Howling in cats can be signs of an underlying health problem, but this type of excessive vocalization can also be a completely normal occurrence. Figuring out what is causing your cat's howling behavior is the first step to modulating your pet's meows.
Boredom and Stress
In some cases, howling is simply a reaction to boredom or stress. If your cat has recently experienced a change in routine, such as a move to a new home or the addition of a new member to the family, she may start howling to express her displeasure. A cat who feels bored or left out may vocalize more to try to get your attention. You can reduce this type of howling by dedicating time to spend petting and playing with your cat each day. Feline stress reducers, such as pheromone sprays, may also help calm her down and reduce the likelihood of howling.
If your female cat has not been spayed, she might be howling because she is in heat. Unneutered males may also howl more than neutered males, both when encountering a female in heat and during the mating act itself. Spaying or neutering your cat will probably reduce howling behavior, as well as preventing unwanted kittens and reducing other undesirable behaviors, such as spraying.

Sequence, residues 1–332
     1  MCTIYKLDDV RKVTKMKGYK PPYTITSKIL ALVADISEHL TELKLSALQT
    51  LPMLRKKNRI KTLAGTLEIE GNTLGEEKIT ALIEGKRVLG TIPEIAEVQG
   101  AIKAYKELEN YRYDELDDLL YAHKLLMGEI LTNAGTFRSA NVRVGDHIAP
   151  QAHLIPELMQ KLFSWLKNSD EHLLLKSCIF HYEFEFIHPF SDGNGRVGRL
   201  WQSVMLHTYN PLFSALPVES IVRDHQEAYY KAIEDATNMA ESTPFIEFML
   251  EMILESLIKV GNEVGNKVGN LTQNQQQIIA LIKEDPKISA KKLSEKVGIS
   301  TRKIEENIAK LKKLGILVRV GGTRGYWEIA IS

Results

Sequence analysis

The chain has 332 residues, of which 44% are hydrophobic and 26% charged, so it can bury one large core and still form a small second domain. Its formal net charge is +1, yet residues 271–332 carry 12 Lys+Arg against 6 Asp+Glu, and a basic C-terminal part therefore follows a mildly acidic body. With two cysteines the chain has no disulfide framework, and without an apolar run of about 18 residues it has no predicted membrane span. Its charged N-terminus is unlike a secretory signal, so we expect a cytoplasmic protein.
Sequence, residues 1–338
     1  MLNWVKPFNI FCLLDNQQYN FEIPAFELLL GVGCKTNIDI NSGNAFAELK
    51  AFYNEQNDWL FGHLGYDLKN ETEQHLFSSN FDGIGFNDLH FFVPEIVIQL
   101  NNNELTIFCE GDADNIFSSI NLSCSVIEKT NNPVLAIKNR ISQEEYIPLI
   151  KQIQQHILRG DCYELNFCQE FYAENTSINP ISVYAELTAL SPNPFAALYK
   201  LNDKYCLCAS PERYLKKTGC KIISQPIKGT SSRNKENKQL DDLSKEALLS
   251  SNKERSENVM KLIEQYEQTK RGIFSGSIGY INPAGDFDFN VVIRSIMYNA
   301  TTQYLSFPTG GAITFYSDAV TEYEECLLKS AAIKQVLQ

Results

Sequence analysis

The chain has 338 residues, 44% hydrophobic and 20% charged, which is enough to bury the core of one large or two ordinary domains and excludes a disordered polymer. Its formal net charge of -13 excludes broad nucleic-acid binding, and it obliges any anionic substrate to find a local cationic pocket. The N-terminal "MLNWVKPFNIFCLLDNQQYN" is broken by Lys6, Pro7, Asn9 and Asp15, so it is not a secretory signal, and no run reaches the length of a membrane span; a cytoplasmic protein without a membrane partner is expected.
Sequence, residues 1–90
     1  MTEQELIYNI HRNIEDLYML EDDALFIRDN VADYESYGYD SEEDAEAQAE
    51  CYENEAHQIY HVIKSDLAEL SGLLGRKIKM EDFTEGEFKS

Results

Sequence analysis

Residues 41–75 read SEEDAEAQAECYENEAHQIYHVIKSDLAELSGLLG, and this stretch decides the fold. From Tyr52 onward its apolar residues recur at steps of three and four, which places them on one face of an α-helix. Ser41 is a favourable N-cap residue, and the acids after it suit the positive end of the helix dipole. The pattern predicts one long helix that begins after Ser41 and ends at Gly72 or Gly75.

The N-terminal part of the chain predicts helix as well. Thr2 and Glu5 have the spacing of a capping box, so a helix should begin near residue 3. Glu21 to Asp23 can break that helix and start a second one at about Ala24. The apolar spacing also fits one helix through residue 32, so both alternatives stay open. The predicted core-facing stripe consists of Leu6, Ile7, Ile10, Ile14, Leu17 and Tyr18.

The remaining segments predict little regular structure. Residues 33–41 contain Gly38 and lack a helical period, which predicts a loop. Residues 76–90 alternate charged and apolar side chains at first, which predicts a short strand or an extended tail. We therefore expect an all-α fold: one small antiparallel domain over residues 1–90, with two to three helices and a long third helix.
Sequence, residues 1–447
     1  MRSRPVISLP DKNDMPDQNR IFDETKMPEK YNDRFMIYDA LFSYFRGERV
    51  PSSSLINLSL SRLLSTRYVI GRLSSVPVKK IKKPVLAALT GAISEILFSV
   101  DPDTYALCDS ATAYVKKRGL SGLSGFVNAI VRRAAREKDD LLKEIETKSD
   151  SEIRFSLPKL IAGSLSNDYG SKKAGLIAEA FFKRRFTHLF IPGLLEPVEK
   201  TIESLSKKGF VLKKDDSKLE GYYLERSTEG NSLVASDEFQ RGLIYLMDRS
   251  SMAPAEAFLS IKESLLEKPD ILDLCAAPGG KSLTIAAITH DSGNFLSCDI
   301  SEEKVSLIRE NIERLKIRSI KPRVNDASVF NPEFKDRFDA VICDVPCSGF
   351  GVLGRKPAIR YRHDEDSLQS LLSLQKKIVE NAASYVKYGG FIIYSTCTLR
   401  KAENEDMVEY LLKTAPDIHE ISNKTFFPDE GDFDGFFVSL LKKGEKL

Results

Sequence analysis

Illness and Injury
A cat may emit a quick, short howl during play if he wants to protest being held or if the play has become too rough. A more sustained howl may be a sign something is seriously wrong. An ailing cat may let out a few howls because he is uncomfortable or in pain. For example, if your cat develops urinary crystals, he may howl when in the litterbox because it is painful to pass those crystals. If your cat does not normally howl but is making loud sounds and behaving like he might be ill or injured, take him to a vet as soon as possible for a thorough assessment.
Howling in Older Cats
If your older cat has started developing a howling habit, it could be a sign of encroaching dementia. Cognitive dysfunction syndrome is the gradual decline of brain function over time, and it impacts about 50 percent of cats over the age of 15, according to the Ohio State University College of Veterinary Medicine. If your cat develops CDS, she might howl out of confusion and anxiety. CDS is incurable, but you might be able to reduce symptoms using medicines, dietary supplements or changes to the cat's environment.
Always check with your veterinarian before changing your pet’s diet, medication, or physical activity routines. This information is not a substitute for a vet’s opinion.
Bridget Coila specializes in health, nutrition, pregnancy, pet and parenting topics. Her articles have appeared in Oxygen, American Fitness and on various websites. Coila has a Bachelor of Science in cell and molecular biology from the University of Cincinnati and more than 10 years of medical research experience.